Engineering Solutions for Pedestrians
Followup on posting about the recent crosswalk enhancement on Brentwood Road NE:
Background: Brentwood is a four-lane, heavily traveled roadway between a Home Depot and a small shopping center containing a Department of Motor Vehicles office. It's a difficult crossing for pedestrians.
The new crosswalk installed by the District Department of Transportation to enhance pedestrian safety is quite visible, and has prominent signs alerting drivers that they must stop for pedestrians. A walker can hit a red button that sets amber lights flashing on both sides of the road. (The amber lights are below the words "in CROSSWALKS" in the picture.)
I found traffic stopped most of the time, but had one bracing experience in which a truck didn't even slow down after I hit the button and walked out.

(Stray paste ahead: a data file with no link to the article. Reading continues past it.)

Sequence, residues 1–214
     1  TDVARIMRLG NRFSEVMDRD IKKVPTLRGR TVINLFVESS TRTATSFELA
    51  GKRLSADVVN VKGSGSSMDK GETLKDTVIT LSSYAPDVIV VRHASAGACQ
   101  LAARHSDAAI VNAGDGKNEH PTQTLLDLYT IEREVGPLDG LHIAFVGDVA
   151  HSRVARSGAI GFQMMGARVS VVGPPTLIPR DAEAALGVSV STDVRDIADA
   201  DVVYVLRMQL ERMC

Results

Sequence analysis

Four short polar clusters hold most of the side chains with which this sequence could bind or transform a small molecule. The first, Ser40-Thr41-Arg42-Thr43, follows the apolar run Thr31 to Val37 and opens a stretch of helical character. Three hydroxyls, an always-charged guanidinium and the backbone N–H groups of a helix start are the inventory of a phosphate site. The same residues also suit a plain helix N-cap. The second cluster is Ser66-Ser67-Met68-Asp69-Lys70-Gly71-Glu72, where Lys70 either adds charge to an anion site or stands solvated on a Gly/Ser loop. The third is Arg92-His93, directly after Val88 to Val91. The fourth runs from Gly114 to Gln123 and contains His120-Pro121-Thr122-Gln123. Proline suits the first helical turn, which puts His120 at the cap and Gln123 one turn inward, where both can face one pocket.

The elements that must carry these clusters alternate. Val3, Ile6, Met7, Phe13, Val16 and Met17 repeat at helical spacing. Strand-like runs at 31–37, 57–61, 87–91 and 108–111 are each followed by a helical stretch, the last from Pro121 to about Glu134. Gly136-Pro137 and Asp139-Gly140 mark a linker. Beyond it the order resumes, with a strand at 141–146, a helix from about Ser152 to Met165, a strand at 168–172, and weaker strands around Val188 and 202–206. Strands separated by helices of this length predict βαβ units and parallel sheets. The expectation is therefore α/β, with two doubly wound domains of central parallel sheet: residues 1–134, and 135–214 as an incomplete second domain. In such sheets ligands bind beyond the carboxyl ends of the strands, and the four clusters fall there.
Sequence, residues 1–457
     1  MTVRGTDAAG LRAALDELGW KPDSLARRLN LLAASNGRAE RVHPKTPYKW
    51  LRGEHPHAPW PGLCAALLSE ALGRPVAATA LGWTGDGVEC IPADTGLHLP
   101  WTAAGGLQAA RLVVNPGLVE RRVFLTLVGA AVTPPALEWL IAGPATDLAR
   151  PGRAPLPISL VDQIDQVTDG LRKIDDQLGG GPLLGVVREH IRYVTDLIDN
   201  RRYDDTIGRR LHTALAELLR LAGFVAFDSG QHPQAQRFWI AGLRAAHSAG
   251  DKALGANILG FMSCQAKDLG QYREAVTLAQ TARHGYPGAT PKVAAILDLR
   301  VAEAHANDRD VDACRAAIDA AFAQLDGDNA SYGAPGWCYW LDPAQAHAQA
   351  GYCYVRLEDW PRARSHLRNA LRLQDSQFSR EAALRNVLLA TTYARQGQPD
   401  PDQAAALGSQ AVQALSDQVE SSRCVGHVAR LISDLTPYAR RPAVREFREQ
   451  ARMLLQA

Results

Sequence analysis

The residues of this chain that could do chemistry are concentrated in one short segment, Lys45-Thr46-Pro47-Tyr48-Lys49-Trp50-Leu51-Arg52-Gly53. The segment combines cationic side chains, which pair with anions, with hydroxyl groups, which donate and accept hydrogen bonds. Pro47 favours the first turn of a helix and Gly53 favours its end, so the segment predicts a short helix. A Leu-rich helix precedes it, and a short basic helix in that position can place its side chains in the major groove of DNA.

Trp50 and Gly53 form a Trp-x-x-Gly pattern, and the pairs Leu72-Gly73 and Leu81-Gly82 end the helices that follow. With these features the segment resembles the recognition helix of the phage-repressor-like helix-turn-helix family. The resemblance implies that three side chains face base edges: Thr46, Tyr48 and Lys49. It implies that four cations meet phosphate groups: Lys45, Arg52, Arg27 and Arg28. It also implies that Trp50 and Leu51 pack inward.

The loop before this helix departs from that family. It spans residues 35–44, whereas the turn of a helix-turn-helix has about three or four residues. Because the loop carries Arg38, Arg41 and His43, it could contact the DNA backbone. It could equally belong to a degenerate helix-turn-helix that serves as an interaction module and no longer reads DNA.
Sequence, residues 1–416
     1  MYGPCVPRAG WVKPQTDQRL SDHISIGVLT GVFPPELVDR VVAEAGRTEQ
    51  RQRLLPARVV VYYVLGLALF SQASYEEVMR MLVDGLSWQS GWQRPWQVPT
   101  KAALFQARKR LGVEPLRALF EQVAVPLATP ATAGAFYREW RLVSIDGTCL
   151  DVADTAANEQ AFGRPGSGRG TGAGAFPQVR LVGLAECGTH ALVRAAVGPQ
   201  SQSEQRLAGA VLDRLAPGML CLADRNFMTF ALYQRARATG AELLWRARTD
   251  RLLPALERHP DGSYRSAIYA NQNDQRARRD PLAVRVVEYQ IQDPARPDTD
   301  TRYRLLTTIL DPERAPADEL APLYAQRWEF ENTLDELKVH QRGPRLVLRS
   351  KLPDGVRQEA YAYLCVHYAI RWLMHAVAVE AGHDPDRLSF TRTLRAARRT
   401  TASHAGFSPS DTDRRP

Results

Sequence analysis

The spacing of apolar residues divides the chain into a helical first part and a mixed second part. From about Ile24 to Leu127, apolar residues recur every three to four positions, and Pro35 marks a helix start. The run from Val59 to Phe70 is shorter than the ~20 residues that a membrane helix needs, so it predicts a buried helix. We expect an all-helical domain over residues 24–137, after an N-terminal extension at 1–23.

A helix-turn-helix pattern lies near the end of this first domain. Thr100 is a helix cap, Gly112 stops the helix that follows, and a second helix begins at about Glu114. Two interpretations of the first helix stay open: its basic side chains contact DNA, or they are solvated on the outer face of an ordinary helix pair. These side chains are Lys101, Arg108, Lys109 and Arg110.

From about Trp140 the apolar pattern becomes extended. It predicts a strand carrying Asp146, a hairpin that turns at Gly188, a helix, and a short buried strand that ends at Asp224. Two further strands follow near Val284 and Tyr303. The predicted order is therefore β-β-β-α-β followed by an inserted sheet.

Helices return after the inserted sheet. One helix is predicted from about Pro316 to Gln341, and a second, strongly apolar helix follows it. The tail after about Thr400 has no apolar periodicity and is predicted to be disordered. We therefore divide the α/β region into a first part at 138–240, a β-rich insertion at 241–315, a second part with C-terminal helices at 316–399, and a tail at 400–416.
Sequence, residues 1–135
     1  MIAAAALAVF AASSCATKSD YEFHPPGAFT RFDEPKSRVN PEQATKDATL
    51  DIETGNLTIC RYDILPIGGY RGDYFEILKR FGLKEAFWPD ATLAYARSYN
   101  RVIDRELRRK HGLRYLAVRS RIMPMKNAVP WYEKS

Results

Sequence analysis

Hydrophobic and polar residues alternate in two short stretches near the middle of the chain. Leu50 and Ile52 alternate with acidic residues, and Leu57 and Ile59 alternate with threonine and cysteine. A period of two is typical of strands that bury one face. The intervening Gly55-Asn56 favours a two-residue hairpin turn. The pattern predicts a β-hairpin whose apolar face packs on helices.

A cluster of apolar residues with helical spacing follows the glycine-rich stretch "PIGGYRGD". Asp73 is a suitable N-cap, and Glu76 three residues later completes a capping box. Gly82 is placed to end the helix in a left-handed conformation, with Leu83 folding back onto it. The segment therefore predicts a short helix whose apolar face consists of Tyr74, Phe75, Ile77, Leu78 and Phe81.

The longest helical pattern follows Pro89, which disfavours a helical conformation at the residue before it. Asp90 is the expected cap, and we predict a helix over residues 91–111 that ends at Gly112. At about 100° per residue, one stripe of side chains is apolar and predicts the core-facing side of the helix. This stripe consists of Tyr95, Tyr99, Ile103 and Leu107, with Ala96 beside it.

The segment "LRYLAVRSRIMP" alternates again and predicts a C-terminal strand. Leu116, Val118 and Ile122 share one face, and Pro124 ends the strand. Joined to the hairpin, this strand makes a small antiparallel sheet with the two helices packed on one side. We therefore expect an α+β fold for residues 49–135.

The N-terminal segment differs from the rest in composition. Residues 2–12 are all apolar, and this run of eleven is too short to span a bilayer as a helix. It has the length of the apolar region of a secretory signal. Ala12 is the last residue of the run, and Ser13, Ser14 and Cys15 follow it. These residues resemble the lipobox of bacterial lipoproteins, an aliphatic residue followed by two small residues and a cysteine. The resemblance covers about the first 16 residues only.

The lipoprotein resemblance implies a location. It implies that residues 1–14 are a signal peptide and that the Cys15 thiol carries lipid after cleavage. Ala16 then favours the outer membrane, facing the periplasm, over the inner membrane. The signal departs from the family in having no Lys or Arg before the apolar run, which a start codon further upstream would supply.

Update: George Branyan, the District's pedestrian program coordinator, said this design isn't perfect, but is a big improvement. DDOT, which recently made public its draft pedestrian master plan for the entire city, will be monitoring this site and looking for lessons learned.
Branyan said a standard traffic signal wouldn't be the best solution for this intersection, south of Rhode Island Avenue NE. Instead, a roundabout is scheduled to be built.
"A traffic signal only slows people down when it's red, whereas a roundabout will slow down every vehicle," he said.
Posted by: Rich | June 18, 2008 2:01 PM | Report abuse
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